*Editor’s Note: Stephen Mallozzi’s The Memoirs of a Small Time Racing Driver are presented by Win The Race, a NASCAR DFS strategy website that utilizes True Performance Ranks and other useful, effective data.
So, there I was, ready to walk away. And truthfully, for the first eight months after my NASCAR Craftsman Truck Series debut at Mid-Ohio, I truly was content. I spent all offseason telling most of the industry people I knew, including Josh Reaume and Toby Christie, that I would not ever step foot inside of a NASCAR stock car again. I had accomplished what I set out to do, which is more than most racers ever get to do.
Josh immediately questioned my reasoning, stating that he knew deep down that, “I couldn’t resist coming back”.
He was right.
March had rolled around, and I was struggling to find a life direction in Charlottesville, Virginia, as I graduated college a semester early and spent most of my days bored and doing mindless tasks. For that reason, I decided to take a trip home and work as a mechanic/driver coach for my Mid-Ohio sponsor, Team Fulkrum and CompKart, as the team needed assistance.
I owed them one, to say the least, considering they were the primary sponsor of my first Truck start.
I worked the weekend and told reminiscent stories to the team about my short-lived driving career. At the conclusion of Sunday’s event, Noah Nichols, who, as I mentioned in the last chapter, was my Mid-Ohio spotter, called me and asked me to join him on a casino trip up in Bethlehem, PA.
I was exhausted and a little sick, so I politely declined.
Noah remarked that he hadn’t seen me since Mid-Ohio. He was right, and he was one of my best friends. I missed the guy. At the end of the day, after telling me the girl he liked, her roommate, and our devious mutual friend would also be joining, I decided to make the trek up to Desales University.
Now, these three people, Lauren, Ariel, and Alex, combined to make me understand something I hadn’t before: my NASCAR start was something that meant a ton to Noah. So much so, that he had told them all of the racing stories I had to tell. These three knew phrases and lines I thought were only exclusive to me and my best friend.
It was at this time that I had a revelation: why, if this meant so much to Noah, did it mean nothing to me to just walk away? Sure, I was tired of the grind, worn down from the constant all-nighters and ripping my hair out over the ridiculous parts of racing. But I realized that night that if I didn’t keep trying, I’d regret it in twenty years.
We had such a wild group experience that evening, I ended up staying a week in Pennsylvania. It was nice to have a sense of normalcy.
My college experience had been plagued with NASCAR and COVID and a cancer-ridden dad. For just one week, I just felt like a normal guy. I spent time with the lads, let go of some of my harsher life responsibilities, and may or may not have developed a tiny crush on that roommate (I should’ve known it would happen; it is ALWAYS a redhead thing with me). It’s what I imagine college is probably like for most people.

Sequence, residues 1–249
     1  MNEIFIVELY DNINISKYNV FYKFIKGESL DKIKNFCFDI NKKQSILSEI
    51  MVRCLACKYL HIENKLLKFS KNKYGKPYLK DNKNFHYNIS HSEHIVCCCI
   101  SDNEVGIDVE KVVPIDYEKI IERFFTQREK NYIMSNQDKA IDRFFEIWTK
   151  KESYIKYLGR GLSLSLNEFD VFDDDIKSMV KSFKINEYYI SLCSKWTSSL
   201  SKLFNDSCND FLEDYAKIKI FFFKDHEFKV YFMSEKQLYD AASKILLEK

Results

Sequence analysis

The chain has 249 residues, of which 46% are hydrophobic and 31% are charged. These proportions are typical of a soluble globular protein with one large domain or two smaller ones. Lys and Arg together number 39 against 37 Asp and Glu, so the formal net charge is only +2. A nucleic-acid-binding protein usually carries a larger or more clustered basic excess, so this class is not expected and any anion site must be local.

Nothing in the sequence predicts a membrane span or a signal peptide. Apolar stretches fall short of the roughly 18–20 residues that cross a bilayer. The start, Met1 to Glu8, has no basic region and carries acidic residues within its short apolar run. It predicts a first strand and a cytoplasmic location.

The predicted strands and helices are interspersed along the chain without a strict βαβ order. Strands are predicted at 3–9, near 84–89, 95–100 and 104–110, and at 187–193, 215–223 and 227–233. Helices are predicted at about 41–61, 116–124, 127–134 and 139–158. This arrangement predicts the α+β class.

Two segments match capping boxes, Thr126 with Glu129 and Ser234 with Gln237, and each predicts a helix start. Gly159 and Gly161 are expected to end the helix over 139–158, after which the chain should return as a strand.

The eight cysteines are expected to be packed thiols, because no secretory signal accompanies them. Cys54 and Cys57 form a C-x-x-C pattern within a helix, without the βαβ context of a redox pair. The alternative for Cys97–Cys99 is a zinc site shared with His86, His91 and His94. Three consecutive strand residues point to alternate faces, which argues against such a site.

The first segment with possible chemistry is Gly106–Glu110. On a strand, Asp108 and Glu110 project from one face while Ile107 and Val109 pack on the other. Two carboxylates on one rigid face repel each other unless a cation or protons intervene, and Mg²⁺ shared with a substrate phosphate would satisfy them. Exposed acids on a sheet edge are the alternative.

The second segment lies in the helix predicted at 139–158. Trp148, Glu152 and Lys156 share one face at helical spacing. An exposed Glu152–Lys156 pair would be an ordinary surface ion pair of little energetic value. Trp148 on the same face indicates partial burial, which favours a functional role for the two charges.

Truthfully, it was exactly what I needed to reset so I could keep digging.
Near the end of my week, I called Josh to tell him I needed to get back behind the wheel, and we agreed the best place to do it would probably be the 0.526-mile Martinsville Speedway.
At this point, it was already the start of April, and Martinsville was just a couple of weeks away. I told Josh I would sell my beloved street car if it meant I could race at ‘The Paperclip’. Spoiler: I never had to sell it (well, not for this race at least).
You see, in the years before I was a driver, I fell in love with NASCAR through a means other than driving: Gambling.
Obviously, as a driver, I had to stop (which is why I stopped writing my wildly successful DFS articles for TobyChristie.com). But, my connections lasted throughout my gambling retirement. A bunch of people in the NASCAR betting community came together to get on the truck. Stacking Denny’s, a gambling podcast run by Nick Giffen and Jordan McAbee, did a fundraiser that got them the primary scheme. So many people came together to help make it happen.
Not only did we find a way to get enough money to cover most of what I needed, but I had enough excess in my bank account to get behind the wheel of the AM Racing No. 22 Ford F-150. That was huge because it would guarantee me a spot in the race. Of course, I have to give more credit to Josh Reaume too; he actually gave up his seat in the No. 22 so I could have it.
He and I really have a true father-son bond going on, and for that, I am eternally grateful. In the end, Josh would take a spot in the Reaume Brothers Racing No. 34 Ford, but would ultimately withdraw before race day.
In the days leading up to the race, I was a little nervous. It had been months since my last time in a stock car, and with my limited funds, we had to make every opportunity count. The weather for the race looked questionable at best, and there was a real concern we wouldn’t get any practice or qualifying in. If that were to be the case, I would have to go into my first oval NASCAR start without any laps on the track.